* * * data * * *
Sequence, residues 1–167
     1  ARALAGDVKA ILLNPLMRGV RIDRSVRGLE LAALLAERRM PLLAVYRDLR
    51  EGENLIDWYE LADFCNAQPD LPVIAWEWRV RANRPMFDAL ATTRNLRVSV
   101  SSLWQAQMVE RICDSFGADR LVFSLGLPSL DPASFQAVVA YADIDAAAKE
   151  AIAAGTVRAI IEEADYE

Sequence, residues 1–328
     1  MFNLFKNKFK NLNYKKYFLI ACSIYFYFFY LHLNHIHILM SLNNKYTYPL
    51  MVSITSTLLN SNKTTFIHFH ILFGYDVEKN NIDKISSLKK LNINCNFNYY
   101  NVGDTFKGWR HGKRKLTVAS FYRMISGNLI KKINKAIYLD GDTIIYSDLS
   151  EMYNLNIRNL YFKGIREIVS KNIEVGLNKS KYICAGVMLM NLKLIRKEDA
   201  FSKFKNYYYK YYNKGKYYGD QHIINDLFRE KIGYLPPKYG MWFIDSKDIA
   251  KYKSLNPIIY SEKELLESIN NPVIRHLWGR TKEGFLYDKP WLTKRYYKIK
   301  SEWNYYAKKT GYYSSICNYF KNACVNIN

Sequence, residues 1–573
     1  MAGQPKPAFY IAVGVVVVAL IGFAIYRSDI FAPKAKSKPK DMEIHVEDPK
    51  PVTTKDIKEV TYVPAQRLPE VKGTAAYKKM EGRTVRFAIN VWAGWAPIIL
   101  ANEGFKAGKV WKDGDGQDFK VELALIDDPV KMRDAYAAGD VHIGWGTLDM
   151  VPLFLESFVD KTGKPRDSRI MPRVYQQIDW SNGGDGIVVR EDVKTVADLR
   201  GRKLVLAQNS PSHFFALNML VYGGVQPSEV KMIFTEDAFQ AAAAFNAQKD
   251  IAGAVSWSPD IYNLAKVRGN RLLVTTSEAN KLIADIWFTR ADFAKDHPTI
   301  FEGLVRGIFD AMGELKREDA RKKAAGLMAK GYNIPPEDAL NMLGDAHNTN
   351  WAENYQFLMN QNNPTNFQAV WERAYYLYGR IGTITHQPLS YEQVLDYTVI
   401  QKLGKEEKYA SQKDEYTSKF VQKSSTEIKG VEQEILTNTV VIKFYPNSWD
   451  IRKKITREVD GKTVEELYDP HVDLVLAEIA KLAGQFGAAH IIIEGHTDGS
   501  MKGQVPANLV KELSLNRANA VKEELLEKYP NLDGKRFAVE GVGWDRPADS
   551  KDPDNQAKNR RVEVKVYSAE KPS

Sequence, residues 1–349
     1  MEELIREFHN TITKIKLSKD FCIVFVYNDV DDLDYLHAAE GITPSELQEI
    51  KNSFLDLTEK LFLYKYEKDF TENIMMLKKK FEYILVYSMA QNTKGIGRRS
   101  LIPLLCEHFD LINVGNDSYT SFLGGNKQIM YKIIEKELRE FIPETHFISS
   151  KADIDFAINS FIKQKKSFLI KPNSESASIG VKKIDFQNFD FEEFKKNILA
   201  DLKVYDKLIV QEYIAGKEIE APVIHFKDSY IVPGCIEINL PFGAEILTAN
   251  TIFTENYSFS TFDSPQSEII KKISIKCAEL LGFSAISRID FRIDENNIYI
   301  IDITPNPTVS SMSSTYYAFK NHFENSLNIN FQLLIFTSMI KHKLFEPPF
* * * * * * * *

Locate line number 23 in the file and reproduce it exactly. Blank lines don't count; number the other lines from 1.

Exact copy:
   401  QKLGKEEKYA SQKDEYTSKF VQKSSTEIKG VEQEILTNTV VIKFYPNSWD